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  1. #1
    rizowski is offline Member
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    Default Enums taking in enums?

    Is there a way to make an enum have an enum as one of its constructors parameters?
    Java Code:
    package piece;
    
    import game.operation.Board;
    import game.operation.Location;
    
    public enum Type {
    	
    
    	CHEESE(color){
    
                   //methods go here
    
    	};
    
    	public static Color color;
    
    	private Type( Color color) {
    		this.[COLOR="red"]color[/COLOR] = Color.valueOf(Color.class, color.toString());
    	}
    }
    I have tried to use the static method .valueOf(); which works. But the problem is that I get an error when setting it to static. It says
    "Cannot refer to the static enum field Type.color within an initializer"
    Color is it's own enum. I want to define that my cheese is color Blue, black, green or what ever I have put in Color enum.

  2. #2
    Fubarable's Avatar
    Fubarable is offline Moderator
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    For one, don't make Color static if each enum member is to have its own color. And don't use valueOf. Just accept the color passed in:

    Java Code:
    public enum Type {
    	
    
    	CHEESE(Color.FOO){ // show which Color here
    
                   //methods go here
    
    	};
    
    	private Color color;
    
    	private Type( Color color) {
    		this.color = color;
    	}
    
    	public  getColor( ) {
    		return color;
    	}
    }

  3. #3
    rizowski is offline Member
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    Is .FOO whatever color constant/enum I have in Color? like Color.WHITE?

  4. #4
    Fubarable's Avatar
    Fubarable is offline Moderator
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    Quote Originally Posted by rizowski View Post
    Is .FOO whatever color constant/enum I have in Color? like Color.WHITE?
    Yes. If that doesn't work for you, then please elaborate more on the nature of your problem.

  5. #5
    rizowski is offline Member
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    What I am trying to make it abstract so that it doesn't need to be a specific color. it "can" be blue or yellow.

  6. #6
    Fubarable's Avatar
    Fubarable is offline Moderator
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    Quote Originally Posted by rizowski View Post
    What I am trying to make it abstract so that it doesn't need to be a specific color. it "can" be blue or yellow.
    Sorry but I don't understand what you mean here. If you want to change the state of a Java object, you usually do so by setter methods. Abstract has nothing to do with this, nor can you have abstract enums. I think that if you still need help, you'll have to give us more detail. Assume that we can't read your mind or guess what your un-shown code looks like.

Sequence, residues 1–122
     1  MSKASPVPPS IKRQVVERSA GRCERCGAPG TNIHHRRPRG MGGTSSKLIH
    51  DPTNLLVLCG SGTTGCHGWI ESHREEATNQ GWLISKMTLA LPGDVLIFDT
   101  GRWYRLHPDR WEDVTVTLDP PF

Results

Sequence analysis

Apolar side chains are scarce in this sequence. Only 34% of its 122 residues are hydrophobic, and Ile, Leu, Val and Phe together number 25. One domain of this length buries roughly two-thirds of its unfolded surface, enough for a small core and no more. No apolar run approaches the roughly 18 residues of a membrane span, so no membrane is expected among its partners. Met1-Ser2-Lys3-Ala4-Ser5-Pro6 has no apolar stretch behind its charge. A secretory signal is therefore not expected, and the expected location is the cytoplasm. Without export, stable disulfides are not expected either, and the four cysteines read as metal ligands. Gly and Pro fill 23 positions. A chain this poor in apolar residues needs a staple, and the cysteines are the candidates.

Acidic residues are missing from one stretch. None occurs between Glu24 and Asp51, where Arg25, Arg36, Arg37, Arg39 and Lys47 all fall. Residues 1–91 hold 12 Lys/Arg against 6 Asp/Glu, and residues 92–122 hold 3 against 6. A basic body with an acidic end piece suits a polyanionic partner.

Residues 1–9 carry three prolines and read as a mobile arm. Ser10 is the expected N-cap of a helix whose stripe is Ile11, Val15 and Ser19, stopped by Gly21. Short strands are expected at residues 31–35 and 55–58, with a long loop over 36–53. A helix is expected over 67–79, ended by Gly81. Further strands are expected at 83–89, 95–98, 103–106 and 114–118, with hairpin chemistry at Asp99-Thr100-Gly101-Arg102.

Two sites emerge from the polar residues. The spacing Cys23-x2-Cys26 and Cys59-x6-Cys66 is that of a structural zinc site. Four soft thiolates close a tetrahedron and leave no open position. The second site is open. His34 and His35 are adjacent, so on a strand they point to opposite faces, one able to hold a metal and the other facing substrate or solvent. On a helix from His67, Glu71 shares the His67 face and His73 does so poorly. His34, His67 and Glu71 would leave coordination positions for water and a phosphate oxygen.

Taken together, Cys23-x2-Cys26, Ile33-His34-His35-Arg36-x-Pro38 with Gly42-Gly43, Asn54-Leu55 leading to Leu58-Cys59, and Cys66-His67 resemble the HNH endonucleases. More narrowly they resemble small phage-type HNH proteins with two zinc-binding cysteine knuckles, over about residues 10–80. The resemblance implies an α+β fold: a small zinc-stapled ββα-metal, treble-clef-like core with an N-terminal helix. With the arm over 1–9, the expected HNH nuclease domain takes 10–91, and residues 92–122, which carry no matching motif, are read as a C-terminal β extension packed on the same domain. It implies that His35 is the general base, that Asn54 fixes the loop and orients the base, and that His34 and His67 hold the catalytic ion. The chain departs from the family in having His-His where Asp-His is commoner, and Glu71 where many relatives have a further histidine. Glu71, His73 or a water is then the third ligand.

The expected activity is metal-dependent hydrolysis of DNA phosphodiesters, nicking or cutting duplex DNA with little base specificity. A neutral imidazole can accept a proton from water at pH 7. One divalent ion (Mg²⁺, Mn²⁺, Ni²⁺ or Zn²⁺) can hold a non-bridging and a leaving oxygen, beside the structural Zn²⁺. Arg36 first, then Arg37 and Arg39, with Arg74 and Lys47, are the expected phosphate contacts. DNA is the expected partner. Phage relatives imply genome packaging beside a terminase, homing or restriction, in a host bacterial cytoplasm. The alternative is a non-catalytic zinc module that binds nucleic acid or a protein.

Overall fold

7. #7
    rizowski is offline Member
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    It is probably not really Abstraction I believe the word i was actually looking for is polymorphism. I don't really want to set the specific color of cheese. Because it could be black, blue, or green. I am really unsure how I would be able to make it generic so that if I called the enum "Type" I could say something like Type.Cheese.color.toString(); and it would print out the color of the cheese. The way I have my Color enum is Like so:
    Java Code:
    public enum Color {
    
    	WHITE("White", "L"),
    	BLACK("Black", "D");
    	
    	public final String COLOR;
    	public final String SHORT_COLOR;
    	private Color(String color, String shortColor) {
    		this.COLOR = color;
    		this.SHORT_COLOR = shortColor;
    	}
    }
    I don't want to necessarily hard code the color mainly because it could either be black, blue, or green.

    I hope this sheds some light on my position :D

  8. #8
    dlorde is offline Senior Member
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    You seem to be confused about what the enum value CHEESE is in your Type enum. CHEESE is a specific, once-only instantiation of Type that must be given an explicit Color. The Type constructor is what is called by, for example, the CHEESE(Color.blue) statement in the Type body. Enum values are instantiated once (with specific parameters if required), they aren't dynamic.

    If you want cheeses of different kinds by color, you should define a Cheese enum with the different colors:
    Java Code:
    public enum Cheese {
        CHEDDAR(Color.white) {
           
        },
        STILTON(Color.blue){
               //methods go here
        };
        ...  // etc.
        
        public Color color;
    
        private Cheese(Color color) {
    	this.color = color;
        }
    }
    If you really want to be able to instantiate a cheese object with a variable Color parameter, you need to write a Cheese class, not an enum.

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